What are cluster headaches?
Cluster headaches are
severe headaches on one side of your head that happen in groups, or "clusters." They usually
occur over weeks or months.
Cluster headaches can be so painful
that you are not able to follow your normal routine or do your usual
activities. The pain is often called the worst type of headache pain.
Cluster headaches come in cycles (also called cluster periods). Most
people who get cluster headaches have one or two cluster periods each year. A
cluster period might last 1 month or longer. After a cluster period ends, you
may not get another headache for months or even years.
As you get
older, it's likely that you'll have longer and longer times without headaches.
At some point, you may not get cluster headaches ever again.
Having cluster headaches can be scary. But even though they are very
painful, cluster headaches don't cause long-term harm. During a cycle, you may
be able to reduce how often you have them, how bad they are, and how long they
What causes cluster headaches?
Experts aren't sure
what causes cluster headaches. They run in families, but it's not clear why
some people get cluster headaches and others don't.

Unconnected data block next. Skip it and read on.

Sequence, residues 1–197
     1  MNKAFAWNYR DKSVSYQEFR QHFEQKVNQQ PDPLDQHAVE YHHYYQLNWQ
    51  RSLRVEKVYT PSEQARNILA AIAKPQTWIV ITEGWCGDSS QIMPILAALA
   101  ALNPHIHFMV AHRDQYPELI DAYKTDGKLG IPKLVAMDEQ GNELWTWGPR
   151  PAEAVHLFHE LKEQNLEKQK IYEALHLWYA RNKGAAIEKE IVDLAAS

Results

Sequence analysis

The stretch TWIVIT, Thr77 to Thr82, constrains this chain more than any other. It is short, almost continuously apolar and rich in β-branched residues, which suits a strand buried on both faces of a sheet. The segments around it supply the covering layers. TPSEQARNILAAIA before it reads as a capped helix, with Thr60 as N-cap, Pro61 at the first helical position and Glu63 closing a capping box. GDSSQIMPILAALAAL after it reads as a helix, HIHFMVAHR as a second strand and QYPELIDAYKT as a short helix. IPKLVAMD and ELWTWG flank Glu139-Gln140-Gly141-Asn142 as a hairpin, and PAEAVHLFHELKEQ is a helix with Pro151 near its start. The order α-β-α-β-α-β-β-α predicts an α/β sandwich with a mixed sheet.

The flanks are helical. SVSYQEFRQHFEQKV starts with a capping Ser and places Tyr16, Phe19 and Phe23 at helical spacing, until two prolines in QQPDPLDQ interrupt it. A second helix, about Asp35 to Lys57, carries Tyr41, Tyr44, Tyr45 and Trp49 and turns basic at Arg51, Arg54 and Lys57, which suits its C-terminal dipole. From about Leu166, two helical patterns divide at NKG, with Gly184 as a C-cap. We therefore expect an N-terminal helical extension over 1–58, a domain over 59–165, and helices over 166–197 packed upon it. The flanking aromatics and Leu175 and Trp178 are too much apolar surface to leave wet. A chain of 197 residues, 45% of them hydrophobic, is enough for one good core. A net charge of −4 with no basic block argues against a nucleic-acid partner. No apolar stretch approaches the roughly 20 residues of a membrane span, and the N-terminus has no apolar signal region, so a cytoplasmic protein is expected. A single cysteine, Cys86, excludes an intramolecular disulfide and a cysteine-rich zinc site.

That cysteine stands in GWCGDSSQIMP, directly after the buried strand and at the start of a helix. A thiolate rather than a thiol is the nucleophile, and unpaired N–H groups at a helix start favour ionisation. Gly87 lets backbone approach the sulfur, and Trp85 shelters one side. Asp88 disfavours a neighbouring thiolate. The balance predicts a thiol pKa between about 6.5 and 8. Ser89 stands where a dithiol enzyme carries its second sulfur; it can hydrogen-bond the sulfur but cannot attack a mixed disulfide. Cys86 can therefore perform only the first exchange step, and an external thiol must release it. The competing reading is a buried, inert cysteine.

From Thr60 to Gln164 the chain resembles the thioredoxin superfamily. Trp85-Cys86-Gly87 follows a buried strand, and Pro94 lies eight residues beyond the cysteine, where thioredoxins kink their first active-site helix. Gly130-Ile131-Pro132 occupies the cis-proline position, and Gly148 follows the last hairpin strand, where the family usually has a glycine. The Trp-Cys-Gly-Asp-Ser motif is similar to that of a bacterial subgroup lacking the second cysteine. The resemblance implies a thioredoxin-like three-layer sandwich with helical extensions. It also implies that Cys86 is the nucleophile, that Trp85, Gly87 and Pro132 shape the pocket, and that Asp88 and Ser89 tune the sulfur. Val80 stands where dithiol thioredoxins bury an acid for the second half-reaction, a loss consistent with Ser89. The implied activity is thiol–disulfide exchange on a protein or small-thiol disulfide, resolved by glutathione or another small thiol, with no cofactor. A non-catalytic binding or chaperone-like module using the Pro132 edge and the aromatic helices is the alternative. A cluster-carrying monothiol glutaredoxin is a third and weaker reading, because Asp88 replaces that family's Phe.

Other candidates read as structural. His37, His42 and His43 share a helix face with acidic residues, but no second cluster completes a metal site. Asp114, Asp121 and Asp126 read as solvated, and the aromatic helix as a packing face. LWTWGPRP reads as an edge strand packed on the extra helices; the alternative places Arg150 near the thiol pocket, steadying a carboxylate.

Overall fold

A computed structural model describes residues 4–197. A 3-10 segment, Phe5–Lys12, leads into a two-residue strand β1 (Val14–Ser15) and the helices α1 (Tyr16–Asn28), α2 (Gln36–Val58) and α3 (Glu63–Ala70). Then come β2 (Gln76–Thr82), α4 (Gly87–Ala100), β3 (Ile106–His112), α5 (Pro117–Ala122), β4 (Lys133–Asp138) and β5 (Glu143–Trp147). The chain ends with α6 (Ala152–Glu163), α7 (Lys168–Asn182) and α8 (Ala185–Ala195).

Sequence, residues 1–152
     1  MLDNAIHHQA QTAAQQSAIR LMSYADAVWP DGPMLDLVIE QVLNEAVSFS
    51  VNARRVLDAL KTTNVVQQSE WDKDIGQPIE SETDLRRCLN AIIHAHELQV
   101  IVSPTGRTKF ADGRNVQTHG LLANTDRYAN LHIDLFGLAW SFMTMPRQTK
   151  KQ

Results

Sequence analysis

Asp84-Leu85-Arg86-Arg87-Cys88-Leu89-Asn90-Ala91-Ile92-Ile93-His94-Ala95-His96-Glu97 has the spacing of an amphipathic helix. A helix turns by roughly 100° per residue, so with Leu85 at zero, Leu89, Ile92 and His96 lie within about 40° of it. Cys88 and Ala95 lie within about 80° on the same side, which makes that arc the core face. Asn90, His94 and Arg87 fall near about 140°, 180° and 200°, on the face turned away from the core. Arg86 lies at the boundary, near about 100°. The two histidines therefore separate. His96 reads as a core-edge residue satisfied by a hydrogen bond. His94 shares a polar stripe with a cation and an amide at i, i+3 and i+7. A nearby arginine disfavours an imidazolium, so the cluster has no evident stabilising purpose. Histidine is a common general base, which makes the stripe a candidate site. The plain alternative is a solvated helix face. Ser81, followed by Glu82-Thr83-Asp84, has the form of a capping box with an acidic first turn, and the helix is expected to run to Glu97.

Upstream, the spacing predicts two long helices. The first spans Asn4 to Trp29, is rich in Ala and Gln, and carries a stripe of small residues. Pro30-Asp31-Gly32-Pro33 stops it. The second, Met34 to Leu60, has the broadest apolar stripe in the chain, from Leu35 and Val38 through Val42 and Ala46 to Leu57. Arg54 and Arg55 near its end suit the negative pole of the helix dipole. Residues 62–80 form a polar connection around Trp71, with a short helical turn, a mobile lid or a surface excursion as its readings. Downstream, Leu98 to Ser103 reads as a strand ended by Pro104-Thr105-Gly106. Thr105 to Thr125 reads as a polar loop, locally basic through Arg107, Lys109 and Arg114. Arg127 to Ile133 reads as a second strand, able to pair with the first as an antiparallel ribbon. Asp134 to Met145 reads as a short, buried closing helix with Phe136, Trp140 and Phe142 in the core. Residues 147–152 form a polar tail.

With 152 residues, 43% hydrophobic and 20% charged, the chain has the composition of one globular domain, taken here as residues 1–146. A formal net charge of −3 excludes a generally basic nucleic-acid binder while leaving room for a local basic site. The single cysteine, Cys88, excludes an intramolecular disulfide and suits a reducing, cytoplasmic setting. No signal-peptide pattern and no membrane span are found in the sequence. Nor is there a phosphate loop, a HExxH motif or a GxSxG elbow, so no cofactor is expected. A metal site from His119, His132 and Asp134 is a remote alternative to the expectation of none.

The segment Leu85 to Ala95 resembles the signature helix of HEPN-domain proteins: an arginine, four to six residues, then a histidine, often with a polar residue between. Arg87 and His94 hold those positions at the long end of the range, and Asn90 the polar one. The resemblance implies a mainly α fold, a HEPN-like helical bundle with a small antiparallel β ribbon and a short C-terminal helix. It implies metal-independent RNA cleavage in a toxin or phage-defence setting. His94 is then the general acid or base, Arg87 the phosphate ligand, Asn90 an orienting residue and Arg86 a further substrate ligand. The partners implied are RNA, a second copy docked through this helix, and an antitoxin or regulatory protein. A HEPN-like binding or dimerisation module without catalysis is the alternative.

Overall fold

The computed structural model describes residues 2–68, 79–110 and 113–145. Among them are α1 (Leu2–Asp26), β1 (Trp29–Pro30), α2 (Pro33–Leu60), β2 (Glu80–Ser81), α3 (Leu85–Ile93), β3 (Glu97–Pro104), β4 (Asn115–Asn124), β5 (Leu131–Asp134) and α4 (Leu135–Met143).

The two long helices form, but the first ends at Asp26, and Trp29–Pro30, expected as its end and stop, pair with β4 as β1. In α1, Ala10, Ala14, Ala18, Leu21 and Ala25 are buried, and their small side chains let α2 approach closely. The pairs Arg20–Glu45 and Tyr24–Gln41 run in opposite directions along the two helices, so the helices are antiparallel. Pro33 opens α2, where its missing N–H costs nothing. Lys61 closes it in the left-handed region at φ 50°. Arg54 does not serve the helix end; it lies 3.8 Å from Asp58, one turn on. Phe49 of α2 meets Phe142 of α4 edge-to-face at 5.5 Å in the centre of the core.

What are the symptoms?
The main symptom of cluster
headaches is a severe burning or sharp, piercing pain on one side of your head.
The pain spreads out from your temple and eye. Your eye may become red, watery,
or puffy. The eyelid may droop, and you may have a runny or stuffy nose on that
side of your head.
See a picture of
cluster headache symptoms .
The pain usually gets bad very fast. The
pain gets worse within 5 to 10 minutes after the headache starts and can last
for 15 minutes or longer.
Cluster headaches usually happen at the
same time of day each time you get them. But they can happen at any time. You
may have 1 to 8 headaches a day.
How are cluster headaches diagnosed?
A doctor can
usually tell if you have cluster headaches by asking about your symptoms and
examining you. Your doctor may order other tests, such as a
CT scan or an
MRI, if he or she
thinks your symptoms are caused by another disease. But most people won't need these tests.